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In early 2019, Citigroup — with strong encouragement from activist Natasha Lamb at Arjuna Capital — offered a blunt assessment of its gender pay gap. One of the world’s largest banking groups, Citigroup revealed that its female employees earn 29% less than men performing similar work.
Meanwhile, Bloomberg News — which covered the Citigroup story — released a list of 230 companies committed to gender equality in the workplace. Guess who showed up on the list of companies performing well?
How can a company be lauded for its advancement of women and, at the same time, reveal a significant gender pay gap?
The news reveals how measuring and achieving pay equity can be tricky. It also provides a moment to pause and reflect on pay transparency.
Some companies have made public proclamations about their pay equity. Others are beginning to take steps toward achieving pay equity but are keeping their efforts under wraps. The fear of finding problems is enough for well-meaning lawyers to advise against any public statements or even discuss efforts among employees. And far too many other companies have remained completely silent on the issue, adopting a head-in-the-sand approach and hoping the pay equity movement will quietly pass.
The truth is that resolving pay disparities due to gender or race is a completely solvable problem. And yet, the problem persists. As a CEO and mother of four daughters, this is both troubling and encouraging.
To move toward lasting change, we must push forward a new approach, leverage technology and applaud transparency, even when it reveals disparities. Addressing pay inequality requires leadership commitment. When a leader commits to analyzing pay, they must have the confidence and courage to know that, in most cases, the company will find at least some areas of inequity.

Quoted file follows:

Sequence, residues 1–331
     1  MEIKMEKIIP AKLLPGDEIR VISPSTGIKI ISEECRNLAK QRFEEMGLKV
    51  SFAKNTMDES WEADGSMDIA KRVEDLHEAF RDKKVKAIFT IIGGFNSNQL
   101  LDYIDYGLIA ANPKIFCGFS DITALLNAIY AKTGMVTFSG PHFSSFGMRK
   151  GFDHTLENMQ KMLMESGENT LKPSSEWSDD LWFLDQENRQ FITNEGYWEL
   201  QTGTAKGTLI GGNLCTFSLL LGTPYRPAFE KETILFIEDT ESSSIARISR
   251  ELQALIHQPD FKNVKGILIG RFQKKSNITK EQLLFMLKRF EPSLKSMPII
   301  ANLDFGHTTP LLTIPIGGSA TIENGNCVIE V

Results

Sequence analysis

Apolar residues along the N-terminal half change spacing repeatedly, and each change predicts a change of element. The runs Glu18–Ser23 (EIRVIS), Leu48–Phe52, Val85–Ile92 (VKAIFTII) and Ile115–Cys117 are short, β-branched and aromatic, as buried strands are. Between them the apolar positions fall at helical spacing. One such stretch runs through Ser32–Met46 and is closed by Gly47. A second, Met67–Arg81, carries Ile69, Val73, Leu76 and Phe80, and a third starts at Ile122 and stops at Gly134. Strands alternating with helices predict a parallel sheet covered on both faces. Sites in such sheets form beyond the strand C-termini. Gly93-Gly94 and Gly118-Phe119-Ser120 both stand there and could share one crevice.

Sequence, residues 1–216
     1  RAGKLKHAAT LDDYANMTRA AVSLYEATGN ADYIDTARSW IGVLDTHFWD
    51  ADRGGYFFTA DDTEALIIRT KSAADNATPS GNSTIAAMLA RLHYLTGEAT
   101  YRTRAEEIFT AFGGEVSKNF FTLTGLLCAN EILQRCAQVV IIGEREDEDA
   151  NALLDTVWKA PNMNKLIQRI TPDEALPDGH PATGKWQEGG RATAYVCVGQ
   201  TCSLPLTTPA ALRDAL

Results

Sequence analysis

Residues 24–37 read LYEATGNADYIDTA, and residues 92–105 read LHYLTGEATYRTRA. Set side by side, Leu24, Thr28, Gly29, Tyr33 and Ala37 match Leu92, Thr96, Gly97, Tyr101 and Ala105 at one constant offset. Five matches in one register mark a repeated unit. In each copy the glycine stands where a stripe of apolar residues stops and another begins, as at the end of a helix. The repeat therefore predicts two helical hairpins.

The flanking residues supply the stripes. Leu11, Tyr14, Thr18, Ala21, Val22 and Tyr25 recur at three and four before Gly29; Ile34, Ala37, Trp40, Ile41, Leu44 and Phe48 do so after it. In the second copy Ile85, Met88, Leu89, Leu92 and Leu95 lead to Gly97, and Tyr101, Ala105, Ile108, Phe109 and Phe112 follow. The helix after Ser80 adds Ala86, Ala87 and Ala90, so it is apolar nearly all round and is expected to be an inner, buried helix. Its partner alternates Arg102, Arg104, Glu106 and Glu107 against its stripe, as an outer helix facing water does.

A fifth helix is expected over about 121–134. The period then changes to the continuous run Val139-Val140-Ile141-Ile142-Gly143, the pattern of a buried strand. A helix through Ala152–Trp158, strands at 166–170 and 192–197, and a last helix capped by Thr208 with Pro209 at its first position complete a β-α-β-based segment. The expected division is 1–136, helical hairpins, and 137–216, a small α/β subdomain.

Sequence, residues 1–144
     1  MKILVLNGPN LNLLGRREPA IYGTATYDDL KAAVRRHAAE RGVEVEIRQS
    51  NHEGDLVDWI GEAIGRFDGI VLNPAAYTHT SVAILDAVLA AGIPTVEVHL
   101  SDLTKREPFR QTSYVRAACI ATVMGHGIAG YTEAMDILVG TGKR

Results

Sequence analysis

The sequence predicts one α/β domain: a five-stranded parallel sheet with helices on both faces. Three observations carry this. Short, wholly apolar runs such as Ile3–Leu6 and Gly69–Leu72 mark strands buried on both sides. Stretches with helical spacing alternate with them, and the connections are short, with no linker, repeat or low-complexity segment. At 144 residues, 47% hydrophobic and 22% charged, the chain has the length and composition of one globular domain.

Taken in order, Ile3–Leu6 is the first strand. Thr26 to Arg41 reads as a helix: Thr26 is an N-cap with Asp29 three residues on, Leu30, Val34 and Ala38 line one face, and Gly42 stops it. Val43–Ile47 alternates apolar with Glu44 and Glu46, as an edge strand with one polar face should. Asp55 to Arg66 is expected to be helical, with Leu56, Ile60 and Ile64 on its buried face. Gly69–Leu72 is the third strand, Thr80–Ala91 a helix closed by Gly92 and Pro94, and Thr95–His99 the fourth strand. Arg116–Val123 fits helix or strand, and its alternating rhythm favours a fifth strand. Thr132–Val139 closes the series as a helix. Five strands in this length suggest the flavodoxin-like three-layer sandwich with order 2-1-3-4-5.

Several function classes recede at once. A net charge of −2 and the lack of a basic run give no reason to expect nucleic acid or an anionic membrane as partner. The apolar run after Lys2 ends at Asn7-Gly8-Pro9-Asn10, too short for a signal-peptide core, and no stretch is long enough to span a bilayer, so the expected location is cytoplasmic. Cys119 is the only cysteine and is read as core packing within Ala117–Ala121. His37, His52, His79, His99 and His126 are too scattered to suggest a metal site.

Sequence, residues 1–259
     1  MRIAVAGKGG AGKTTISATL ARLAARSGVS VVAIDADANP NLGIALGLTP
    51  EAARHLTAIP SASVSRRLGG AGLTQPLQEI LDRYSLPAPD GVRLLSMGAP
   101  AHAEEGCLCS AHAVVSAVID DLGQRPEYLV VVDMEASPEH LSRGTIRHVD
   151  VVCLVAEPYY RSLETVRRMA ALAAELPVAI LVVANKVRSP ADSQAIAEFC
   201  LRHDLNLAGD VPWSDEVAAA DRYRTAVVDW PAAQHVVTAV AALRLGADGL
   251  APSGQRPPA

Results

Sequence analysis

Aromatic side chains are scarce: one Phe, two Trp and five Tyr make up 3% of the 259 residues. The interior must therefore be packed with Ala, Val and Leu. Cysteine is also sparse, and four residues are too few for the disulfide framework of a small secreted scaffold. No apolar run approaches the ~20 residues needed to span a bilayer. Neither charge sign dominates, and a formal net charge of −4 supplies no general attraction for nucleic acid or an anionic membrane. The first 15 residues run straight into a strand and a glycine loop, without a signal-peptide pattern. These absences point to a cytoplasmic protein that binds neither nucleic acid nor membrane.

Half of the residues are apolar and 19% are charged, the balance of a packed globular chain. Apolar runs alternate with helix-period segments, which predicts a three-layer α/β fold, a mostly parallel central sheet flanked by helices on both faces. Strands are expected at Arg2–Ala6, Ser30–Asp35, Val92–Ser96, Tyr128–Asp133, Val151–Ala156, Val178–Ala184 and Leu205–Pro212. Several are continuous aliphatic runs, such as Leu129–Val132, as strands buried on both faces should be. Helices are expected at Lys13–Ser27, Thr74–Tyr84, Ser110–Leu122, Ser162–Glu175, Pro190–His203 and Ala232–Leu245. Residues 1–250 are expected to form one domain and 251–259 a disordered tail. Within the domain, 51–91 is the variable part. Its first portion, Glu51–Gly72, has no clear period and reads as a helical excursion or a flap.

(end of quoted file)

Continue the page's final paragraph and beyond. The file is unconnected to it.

Employees don’t expect perfection, but they deserve transparency. The most effective approach a company can take when addressing the pay gap is to say openly to its people, “We are committed to pay equity and, as part of this commitment, we will regularly analyze our pay and we will be transparent with you about the results.”
Many critics may now rush to shame Citigroup for paying women less than men. And there’s no question that Citigroup has much work to do. But anyone expecting a company the size and scale of Citigroup to lack pay equity issues is simply disconnected from the reality of pay and gender today. We should laud Citigroup’s decision to share this information with its people and shareholders. The first step toward solving a problem is acknowledging that it exists. Only then can solutions follow.
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